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Power Pivot Principles: The A to Z of DAX Functions – HASONEVALUE

12 March 2024

In our long-established Power Pivot Principles articles, we continue our series on the A to Z of Data Analysis eXpression (DAX) functions.  This week, we look at HASONEVALUE.  

The HASONEVALUE function is one of the information functions.  It returns TRUE when the context for columnNamehas been filtered down to one [1] distinct value only; otherwise it returns FALSE.  It employs the following syntax:

HASONEVALUE (columnName)

This function has one parameter:

  • columnName: this is required and represents the name of an existing column, using standard DAX syntax and it cannot be an expression.

The function returns a Boolean value:

  • TRUE if there is exactly one unique value in the specified column in the current context
  • FALSE if there are multiple values or no values in the specified column in the current context.

It should be noted that:

  • an equivalent expression for HASONEVALUE function is 


  • this function is not supported for use in DirectQuery mode when used in calculated columns or row-level security (RLS) rules.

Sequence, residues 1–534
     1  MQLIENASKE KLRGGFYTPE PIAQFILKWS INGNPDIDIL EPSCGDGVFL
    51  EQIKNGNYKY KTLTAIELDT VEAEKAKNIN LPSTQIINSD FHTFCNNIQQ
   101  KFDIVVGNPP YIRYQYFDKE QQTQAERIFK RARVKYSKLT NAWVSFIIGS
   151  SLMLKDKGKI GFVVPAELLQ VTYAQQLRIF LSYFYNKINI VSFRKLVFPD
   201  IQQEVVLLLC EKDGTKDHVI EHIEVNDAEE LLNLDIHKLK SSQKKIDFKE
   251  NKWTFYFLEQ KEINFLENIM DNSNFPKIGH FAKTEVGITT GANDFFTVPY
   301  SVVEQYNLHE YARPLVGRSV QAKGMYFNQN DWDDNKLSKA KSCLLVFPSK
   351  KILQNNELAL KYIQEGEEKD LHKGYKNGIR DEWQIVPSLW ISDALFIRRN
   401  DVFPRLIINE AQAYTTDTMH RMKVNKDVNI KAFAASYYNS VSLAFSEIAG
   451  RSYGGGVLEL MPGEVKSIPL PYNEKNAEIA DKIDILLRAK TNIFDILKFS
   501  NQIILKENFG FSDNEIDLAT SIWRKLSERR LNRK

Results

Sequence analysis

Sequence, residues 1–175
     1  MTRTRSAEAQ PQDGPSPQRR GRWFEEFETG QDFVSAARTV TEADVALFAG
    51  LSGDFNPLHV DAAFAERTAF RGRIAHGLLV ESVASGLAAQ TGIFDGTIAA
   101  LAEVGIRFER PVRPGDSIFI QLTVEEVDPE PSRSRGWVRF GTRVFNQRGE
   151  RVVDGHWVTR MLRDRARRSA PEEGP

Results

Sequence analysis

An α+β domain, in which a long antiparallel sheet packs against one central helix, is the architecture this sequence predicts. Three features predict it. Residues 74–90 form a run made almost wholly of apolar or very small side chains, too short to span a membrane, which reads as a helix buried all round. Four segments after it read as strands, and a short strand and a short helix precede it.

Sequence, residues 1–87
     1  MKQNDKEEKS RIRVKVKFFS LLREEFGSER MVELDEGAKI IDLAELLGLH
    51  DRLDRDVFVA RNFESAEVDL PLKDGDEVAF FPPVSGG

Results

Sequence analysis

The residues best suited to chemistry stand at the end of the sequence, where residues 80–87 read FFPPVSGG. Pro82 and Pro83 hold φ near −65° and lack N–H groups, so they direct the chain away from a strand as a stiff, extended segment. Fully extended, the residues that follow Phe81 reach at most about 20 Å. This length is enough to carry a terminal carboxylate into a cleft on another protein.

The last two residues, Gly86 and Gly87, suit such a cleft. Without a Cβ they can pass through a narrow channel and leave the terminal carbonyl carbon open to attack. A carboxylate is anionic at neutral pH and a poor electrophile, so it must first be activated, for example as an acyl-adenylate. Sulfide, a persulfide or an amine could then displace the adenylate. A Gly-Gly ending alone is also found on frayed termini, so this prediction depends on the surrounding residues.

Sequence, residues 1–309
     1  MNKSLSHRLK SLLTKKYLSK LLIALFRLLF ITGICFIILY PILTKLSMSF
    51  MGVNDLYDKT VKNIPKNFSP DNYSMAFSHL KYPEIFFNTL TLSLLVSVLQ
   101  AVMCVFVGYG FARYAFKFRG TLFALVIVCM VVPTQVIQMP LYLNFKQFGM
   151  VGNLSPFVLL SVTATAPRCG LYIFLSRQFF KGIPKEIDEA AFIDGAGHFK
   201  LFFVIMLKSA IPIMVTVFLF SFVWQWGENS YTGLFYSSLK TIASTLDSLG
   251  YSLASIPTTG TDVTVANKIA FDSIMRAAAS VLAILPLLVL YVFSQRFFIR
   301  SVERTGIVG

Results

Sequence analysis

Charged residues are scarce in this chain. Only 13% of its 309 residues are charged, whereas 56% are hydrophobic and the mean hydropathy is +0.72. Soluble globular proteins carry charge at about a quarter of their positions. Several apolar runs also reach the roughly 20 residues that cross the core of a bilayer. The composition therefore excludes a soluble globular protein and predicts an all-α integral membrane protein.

Let’s consider the following example where we have the tbl_Example Table:

We will write the following DAX to check if the how to filter context affect the output:





VAR Filter_Out_A_n_B= CALCULATE(








     ("A Only",Filter_Out_A),

     ("A and B",Filter_Out_A_n_B),

     ("A and C",Filter_Out_A_n_C)


In the DEFINE statement, we construct the following variables:

  • the first variable is filter out A in Group column 
  • the second variable is filter A and B in Group column
  • the last variable is filter A and C in Group column.

In the EVALUATE statement, we output those variables.  It will give us the following Table:

Since we filtered “A” only for the first row, the HASONEVALUE return TRUE.  Whilst in the last row, we filtered for “A” and “C”, in the tbl_Example there is no “C” hence, “A” is the only unique value, so it returns TRUE for the last variable.  For the second row, because we filtered for “A” and “B”, and “A” and “B” exist in tbl_Example, the output is FALSE.


Come back next week for our next post on Power Pivot in the Blog section.  In the meantime, please remember we have training in Power Pivot which you can find out more about here.  If you wish to catch up on past articles in the meantime, you can find all of our Past Power Pivot blogs here.